For the past decade, Tampa police have enforced a “stop and frisk” style policy that aggressively and disproportionately targets the city’s poor, black residents who ride bicycles, according to a Tampa Bay Times investigation published Friday.
Cyclists can be stopped and ticketed for having a missing tail light, baggy clothing, pedaling through a high-crime neighborhood or not having their hands on the handlebars, which is no longer illegal, according to the Times.
“It’s always the light, or to run your VIN number,” said 31-year-old Anthony Gilbert told the Times. “‘Let’s have your ID. Just stand in front of my cruiser.’ Now you’re being humiliated. Your friend’s riding by. Your reverend might be riding by. Now, you’ve got to go to church. The pastor’s going to be like, ‘What happened, son?’ ”
Of the 10,000 bicycle tickets issued by Tampa police in the past dozen years, the newspaper found that black cyclists received 79 percent of those citations, despite making up less than a quarter of the city’s population.
In the last three years alone, the Times reported, police have issued 2,504 bike tickets, which is more than Jacksonville, Miami, St. Petersburg and Orlando combined.
Police have stopped some riders, the paper reported, more than a dozen times and, at least one individual has been ticketed three times in a single day.
“If it’s not racial profiling, what is it?” Joyce Hamilton Henry, director of advocacy for ACLU of Florida, told the Times.
Critics might call it “biking while black,” but police, the paper reported, have another name for it: proactive policing.
“Instead of waiting to respond to 911 calls, officers now look for ways to initiate contact with potential lawbreakers and head off crime before it happens,” the Times wrote.
“This is not a coincidence,” said Police Chief Jane Castor told the Times. “Many individuals receiving bike citations are involved in criminal activity.”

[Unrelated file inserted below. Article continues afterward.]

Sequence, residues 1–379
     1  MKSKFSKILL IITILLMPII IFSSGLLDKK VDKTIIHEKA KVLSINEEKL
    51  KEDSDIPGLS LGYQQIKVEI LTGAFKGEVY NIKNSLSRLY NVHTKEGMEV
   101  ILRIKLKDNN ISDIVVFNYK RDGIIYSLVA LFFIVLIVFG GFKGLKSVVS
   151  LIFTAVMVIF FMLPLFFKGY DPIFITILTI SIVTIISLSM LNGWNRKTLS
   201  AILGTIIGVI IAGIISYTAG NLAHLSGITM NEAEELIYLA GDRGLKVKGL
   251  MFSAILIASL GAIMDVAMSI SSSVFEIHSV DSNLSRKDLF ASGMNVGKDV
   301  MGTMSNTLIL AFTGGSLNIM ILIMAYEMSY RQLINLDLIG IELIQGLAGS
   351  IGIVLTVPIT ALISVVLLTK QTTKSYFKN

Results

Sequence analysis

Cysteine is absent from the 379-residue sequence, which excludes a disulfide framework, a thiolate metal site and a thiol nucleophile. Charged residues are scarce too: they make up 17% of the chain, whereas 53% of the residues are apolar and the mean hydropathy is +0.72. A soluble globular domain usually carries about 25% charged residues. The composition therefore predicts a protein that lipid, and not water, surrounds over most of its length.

And yet, the paper found, the vast majority of bike stops that resulted in a ticket found no illegal activity and “only 20 percent of adults ticketed last year were arrested.”
In 2007, the Times reported, police cracked down on bike riders during a mission they called “Bicycle Bliztkrieg.”
According to a department memo obtained by the Times, law enforcement’s goal was “to aggressively enforce bicycle infractions … where there has been increased criminal activity.”
The idea outlined in the memo, according to the Times, was that stopping people on bikes, especially after dark, would bring officers face-to-face with “potential criminals, thus opening more avenues to make arrests and clear the streets of the subjects that are committing the crimes.”
“You almost roll your eyes when you read the reports,” Circuit Judge Tracy Sheehan told the Times. “Oh no, another bike stop, another kid riding on the handlebars, here we go. And certainly, we have laws and we should all follow the law, but it occurred to me the stops were all occurring in certain neighborhoods and with certain children, and not in my neighborhood, and not with the white kids.”
The Times spoke to multiple lawful Tampa residents who have been harassed by officers for riding a bike, such as this one:
Then there was Alphonso Lee King, ordered to remove a bag of food and a lock from his bicycle so an officer could confiscate it “due to the fact the bicycle is worth over $500,” the officer wrote, “and King was not able to produce any type of documentation that he bought the bike legally.”
King said he and his brother, a scrapper, found the bike frame in a Dumpster and assembled it from parts. The bike was the only way he could get around after getting out of prison last summer for dealing drugs.
Tampa police impounded it for 90 days, advertising it as “found” property, even though it had not been reported stolen.
In recent years, the Times notes, police departments have been punished when proactive policing becomes discriminatory. In 2013, as U.S. District Court judge for the Southern District of New York, ruled that New York City’s “stop and frisk” policy violated the 14th Amendment’s promise of equal protection.
This year, after a prolonged investigation of the Ferguson Mo., police department, the U.S. Justice Department issued a report concluding that “nearly every aspect of Ferguson’s law enforcement system” impacted African Americans disproportionately.
Despite being one of the department’s “highest ticketing years,” bike crashes and bike thefts both increased significantly in 2013, according to the Times.
“We continue to believe that our enforcement practices have reduced crime in Tampa,” Castor told the Times.
But some local officials, like Circuit Judge Rex Barbas, are openly questioning the policy, according to the Times. Barbas told the Times he spent three years hearing juvenile cases and could remember a single white kid being issued a bike citation.
“We’d like to think we can all go about our lives without intrusion, without anybody looking in our pockets,” Judge Sheehan told the Times. “If we’re all going to take a hard approach on bike riding without lights, then let’s do it across the city and across the county.”